Nike Exec Confesses to Murder, Gang Affiliation During Teenage Years

© REUTERS / CARLO ALLEGRIFILE PHOTO: The Nike swoosh logo is seen outside the store on 5th Ave in New York, New York, U.S., March 19, 2019.
FILE PHOTO: The Nike swoosh logo is seen outside the store on 5th Ave in New York, New York, U.S., March 19, 2019.   - Sputnik International, 1920, 16.10.2021
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Nike executive Larry Miller, chairman of the Michael Jordan brand, revealed jaw-dropping details about his teenage life during a recent interview with Sports Illustrated (SI) Magazine. Miller has been with Nike since 1997.
Miller, while on a press tour for his upcoming book, "Jump: My Secret Journey From the Streets to the Boardroom," revealed in an exclusive SI interview that he shot and killed a man when he was 16.
The Jordan brand chairman, now 72, detailed that he used a .38-caliber gun to shoot and kill 18-year-old Edward White in 1965.
White died at the scene of the crime, and Miller was not released from prison until around the time he turned 30.
According to Miller, the situation was hard for him to process because it was a senseless murder.

"I mean, there was no valid reason for this to happen. And that’s the thing that I really struggle with and that’s—you know, it’s the thing that I think about every day," he said, adding that everyone was "drunk" at the time.

"I was in a haze," the Jordan brand chairman recounted. "Once it kind of set in, I was like, ‘Oh, sh*t, what have I done?’ It took years for me to understand the real impact of what I had done."
Miller, who used to be a member of a West Philadelphia gang called Cedar Avenue, revealed that the murder was an attempt at retribution for the killing of a friend during a gang fight in September 1965. Later that same month, Miller and members of his gang went out searching for anyone affiliated with the rival gang.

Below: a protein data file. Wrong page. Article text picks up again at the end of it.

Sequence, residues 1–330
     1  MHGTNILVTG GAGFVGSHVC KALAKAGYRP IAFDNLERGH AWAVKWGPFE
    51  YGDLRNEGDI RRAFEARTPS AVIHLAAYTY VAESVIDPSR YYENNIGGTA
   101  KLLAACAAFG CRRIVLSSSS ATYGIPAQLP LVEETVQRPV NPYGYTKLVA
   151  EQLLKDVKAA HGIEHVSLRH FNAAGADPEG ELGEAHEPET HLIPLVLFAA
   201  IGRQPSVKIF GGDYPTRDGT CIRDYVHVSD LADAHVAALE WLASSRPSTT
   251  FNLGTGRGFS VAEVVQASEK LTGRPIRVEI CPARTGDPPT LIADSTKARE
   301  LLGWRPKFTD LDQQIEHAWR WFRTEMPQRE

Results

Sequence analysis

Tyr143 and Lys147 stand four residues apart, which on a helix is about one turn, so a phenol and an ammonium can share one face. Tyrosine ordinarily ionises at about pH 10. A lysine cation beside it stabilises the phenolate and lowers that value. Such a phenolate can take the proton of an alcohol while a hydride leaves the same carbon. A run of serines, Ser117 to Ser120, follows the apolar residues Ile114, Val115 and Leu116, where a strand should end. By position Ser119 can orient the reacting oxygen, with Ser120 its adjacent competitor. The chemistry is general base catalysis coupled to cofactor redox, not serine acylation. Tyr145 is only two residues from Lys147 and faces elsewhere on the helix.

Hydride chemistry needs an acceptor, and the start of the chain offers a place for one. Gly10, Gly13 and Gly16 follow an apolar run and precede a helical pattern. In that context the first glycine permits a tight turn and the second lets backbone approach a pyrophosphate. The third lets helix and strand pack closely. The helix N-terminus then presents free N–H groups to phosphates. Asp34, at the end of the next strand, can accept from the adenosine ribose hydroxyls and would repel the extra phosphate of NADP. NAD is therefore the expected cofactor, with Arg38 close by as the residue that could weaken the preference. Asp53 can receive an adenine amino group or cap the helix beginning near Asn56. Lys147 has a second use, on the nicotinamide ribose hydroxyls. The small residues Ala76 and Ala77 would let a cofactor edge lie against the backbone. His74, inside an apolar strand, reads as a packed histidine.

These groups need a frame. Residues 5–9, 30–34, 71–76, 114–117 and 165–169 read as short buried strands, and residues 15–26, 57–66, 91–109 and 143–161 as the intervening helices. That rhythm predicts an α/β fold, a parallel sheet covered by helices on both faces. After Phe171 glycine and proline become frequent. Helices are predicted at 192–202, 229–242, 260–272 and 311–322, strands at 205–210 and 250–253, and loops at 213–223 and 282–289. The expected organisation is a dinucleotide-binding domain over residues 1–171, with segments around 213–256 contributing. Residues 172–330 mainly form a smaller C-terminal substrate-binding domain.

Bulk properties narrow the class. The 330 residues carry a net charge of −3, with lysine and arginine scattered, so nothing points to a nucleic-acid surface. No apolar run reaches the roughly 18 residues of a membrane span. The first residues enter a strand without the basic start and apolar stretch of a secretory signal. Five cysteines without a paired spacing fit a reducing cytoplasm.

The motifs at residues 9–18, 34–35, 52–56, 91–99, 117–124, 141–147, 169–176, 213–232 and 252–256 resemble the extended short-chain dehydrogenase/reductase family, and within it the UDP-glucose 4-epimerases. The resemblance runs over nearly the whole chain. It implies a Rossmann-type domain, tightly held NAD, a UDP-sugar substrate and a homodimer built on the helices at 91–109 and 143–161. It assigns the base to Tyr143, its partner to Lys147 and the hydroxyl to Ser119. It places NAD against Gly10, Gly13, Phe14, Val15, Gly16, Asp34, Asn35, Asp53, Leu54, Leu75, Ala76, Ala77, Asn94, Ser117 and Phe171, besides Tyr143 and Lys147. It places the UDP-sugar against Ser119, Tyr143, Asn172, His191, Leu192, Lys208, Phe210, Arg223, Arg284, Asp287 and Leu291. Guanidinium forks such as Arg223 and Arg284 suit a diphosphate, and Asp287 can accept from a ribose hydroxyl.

"Miller did not know the victim, or whether he had anything to do with the stabbing of his friend, or even whether he had any connection to the 53rd and Pine gang," the SI interview highlighted.
Miller acknowledged that until recently he kept the incident a secret. In recent months, however, he revealed the story to Michael Jordan, National Basketball Association Commissioner Adam Silver and a number of other Nike executives.
The Nike exec told SI that he wishes he "could go back and undo it," but since he cannot, he is going to attempt to "prevent this from happening to someone else."
"I started being more interested in impressing people in the street than I did my teachers and parents,” Miller said of his past. “By the time I was 16, I was just a straight-up gangbanger, thug. I was drinking every day."
He added that by coming clean about his past, he can now speak to at-risk youths about the dangers of gun and gang violence.
Nike CEO John Donohoe told SI that he hopes Miller's experience "can create a healthy discourse around criminal justice reform, by helping remove the stigma that holds people and communities back."
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